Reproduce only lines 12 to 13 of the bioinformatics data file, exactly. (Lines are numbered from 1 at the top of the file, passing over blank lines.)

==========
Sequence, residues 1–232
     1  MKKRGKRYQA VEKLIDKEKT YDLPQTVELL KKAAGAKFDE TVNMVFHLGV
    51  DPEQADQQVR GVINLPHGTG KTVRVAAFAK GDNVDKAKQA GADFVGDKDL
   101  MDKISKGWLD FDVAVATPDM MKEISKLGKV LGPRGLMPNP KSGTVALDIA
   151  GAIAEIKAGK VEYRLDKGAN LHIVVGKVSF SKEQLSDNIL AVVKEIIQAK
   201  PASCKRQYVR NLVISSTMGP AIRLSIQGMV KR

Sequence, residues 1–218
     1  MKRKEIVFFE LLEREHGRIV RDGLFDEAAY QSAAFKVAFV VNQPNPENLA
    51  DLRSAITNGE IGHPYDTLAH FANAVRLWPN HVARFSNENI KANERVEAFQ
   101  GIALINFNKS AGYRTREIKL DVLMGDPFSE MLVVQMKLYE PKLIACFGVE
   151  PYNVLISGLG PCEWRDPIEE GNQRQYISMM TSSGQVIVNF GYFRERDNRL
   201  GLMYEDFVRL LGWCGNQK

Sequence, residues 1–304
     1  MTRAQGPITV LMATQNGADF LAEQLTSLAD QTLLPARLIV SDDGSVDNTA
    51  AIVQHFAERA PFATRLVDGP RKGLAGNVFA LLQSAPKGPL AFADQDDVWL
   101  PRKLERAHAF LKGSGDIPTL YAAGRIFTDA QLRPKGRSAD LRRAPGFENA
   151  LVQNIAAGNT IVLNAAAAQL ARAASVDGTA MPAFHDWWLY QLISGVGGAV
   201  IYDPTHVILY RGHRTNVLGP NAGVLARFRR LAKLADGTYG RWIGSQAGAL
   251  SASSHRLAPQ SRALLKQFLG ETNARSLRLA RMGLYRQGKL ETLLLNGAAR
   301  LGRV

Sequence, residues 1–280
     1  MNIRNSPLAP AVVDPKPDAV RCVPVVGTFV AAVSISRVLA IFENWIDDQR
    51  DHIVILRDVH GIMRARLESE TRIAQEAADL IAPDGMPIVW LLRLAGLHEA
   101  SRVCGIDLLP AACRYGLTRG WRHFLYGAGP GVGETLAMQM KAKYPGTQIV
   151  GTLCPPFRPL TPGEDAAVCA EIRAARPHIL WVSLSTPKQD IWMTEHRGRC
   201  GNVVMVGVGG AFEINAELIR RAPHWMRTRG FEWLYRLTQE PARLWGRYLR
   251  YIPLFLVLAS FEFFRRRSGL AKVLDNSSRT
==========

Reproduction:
   201  GLMYEDFVRL LGWCGNQK

Sequence, residues 1–304